Total inventories, net of reserves, at quarter’s end decreased 8 percent compared to the year prior, reflecting the company’s inventory management efforts. Total available liquidity was $2.3 billion, and cash and cash equivalents at quarter’s end were $1.5 billion.

Sales: Net revenues for the fourth quarter ended Nov. 29 declined 12 percent to $1.39 billion, a significant sequential improvement from the reported third-quarter net revenue decline of 27 percent.

LS&Co. said the decrease was primarily due to the impacts of the COVID-19 pandemic, including reduced traffic and ongoing closures of company-operated and third-party retail locations for portions of the quarter in certain markets. This was partially offset by the benefit of a 53rd week and Black Friday, which collectively benefited the year-over-year net revenues growth comparison by about three percentage points.

Direct-to-consumer (DTC) revenue declined 5 percent, as company e-commerce revenue increased 38 percent with growth across all regions, partially offsetting a decline in brick-and-mortar store revenues. The company’s global digital revenues, which includes owned e-commerce sites and the online business of its pure-play and traditional wholesale customers, grew approximately 34 percent compared to the same period in the prior year, and comprised approximately 23 percent of fourth-quarter 2020 revenues, up from 15 percent in the fourth quarter of the prior year.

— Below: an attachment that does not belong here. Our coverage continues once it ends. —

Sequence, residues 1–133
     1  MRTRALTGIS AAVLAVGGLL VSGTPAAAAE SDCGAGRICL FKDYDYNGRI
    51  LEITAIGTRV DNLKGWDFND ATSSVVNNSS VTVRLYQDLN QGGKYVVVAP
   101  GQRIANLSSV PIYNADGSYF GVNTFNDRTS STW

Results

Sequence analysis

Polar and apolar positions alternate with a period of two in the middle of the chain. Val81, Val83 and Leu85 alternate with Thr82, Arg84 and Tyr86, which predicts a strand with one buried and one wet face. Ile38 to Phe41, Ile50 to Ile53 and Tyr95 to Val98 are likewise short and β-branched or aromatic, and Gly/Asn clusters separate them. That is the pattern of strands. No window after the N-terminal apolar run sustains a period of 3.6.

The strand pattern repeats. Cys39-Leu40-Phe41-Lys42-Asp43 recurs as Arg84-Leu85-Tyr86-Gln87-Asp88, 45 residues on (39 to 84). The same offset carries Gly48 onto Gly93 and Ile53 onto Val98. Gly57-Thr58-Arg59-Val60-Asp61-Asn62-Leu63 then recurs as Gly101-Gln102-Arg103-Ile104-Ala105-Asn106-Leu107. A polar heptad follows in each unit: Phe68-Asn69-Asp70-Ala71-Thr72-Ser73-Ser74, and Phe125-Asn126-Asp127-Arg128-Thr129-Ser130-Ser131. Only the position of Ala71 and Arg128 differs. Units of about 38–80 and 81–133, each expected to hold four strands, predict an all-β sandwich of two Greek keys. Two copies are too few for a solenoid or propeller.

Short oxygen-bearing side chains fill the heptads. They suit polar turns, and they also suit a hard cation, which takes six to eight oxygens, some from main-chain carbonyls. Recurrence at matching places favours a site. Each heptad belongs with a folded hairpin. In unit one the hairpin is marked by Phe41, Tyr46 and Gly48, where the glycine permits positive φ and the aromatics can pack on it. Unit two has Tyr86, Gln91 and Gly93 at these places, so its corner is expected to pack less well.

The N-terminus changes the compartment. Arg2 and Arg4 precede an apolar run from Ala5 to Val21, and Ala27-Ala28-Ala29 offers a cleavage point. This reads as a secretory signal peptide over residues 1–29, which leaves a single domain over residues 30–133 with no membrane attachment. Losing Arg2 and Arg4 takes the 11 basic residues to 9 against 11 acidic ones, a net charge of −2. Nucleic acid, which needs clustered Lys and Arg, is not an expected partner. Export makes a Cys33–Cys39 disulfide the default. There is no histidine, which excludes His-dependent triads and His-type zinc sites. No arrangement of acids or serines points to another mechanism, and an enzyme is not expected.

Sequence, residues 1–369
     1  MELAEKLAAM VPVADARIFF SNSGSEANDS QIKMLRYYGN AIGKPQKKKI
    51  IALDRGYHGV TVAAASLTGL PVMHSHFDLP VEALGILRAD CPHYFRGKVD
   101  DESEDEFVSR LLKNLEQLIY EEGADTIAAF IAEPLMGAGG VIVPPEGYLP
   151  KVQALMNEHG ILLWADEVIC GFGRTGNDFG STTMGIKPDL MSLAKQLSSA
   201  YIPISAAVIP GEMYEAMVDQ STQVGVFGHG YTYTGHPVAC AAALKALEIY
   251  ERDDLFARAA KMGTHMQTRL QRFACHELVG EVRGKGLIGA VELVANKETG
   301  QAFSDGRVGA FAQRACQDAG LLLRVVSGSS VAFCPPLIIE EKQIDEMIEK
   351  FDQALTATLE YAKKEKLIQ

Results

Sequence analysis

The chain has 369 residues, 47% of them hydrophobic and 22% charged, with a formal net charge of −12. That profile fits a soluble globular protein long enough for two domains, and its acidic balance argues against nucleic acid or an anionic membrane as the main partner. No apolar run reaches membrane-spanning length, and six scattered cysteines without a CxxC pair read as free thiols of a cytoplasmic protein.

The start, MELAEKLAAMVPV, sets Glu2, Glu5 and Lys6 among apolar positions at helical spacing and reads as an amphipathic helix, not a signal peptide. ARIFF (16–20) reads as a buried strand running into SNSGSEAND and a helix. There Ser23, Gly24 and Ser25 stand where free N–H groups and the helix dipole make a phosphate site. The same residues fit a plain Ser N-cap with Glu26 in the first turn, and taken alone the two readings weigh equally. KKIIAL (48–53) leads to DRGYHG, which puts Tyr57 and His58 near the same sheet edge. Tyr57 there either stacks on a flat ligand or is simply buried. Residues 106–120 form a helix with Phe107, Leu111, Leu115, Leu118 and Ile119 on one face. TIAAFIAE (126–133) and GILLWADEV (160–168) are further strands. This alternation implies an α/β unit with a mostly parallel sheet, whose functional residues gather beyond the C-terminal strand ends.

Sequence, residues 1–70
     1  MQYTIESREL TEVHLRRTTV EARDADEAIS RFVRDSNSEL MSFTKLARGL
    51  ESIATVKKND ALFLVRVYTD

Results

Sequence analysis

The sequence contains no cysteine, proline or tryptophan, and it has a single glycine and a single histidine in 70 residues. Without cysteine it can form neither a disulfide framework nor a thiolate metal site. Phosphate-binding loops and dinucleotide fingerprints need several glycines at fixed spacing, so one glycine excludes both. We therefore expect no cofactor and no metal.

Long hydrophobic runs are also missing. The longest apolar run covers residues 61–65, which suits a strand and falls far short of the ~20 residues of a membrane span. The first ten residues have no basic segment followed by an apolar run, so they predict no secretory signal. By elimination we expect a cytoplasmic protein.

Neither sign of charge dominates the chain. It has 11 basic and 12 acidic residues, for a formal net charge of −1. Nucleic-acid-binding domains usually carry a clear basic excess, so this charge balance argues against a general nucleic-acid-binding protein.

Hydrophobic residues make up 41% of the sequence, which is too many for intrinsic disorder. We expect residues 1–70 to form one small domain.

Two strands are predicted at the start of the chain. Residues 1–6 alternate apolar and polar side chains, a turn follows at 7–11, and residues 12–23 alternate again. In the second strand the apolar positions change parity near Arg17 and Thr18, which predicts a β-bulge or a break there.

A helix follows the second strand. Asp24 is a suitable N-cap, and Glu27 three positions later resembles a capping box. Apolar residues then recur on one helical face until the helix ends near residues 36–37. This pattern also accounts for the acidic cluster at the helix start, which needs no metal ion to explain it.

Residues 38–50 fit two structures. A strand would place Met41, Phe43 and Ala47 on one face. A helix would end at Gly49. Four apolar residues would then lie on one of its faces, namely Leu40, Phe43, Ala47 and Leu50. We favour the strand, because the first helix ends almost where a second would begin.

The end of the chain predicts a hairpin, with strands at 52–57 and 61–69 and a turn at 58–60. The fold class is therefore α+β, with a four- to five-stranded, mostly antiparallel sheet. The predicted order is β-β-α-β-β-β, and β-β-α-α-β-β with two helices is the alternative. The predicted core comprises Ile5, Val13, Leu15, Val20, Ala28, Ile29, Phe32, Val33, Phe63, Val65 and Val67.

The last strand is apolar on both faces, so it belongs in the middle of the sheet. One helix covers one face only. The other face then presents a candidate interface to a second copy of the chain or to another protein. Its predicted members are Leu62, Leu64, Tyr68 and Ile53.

Wholesale revenues declined 15 percent, a significant sequential improvement from the third-quarter decline of 29 percent.

In the Americas, net revenue fell 12 percent, an improvement from the third-quarter decline of 29 percent. The region’s DTC net revenues declined 5 percent and wholesale net revenues were off 15 percent as a result of the continued adverse impact of COVID-19. The decrease was partially offset by growth in the company’s e-commerce business and broader digital footprint due to increased traffic and higher conversion as consumer spending continued to shift towards online shopping experiences, as well as growth in the Signature by Levi Strauss & Co. brand.

In Europe, after a much stronger start to the quarter, net revenues declined 9 percent, as a surge in COVID-19 resulted in temporary store closures in much of the region in November. Despite the store closures, this was a significant sequential improvement from the third-quarter decline of 16 percent. The fourth-quarter net revenues decline was across channels, with the exception of e-commerce broader digital footprint, which experienced strong growth due to increased traffic and higher conversion.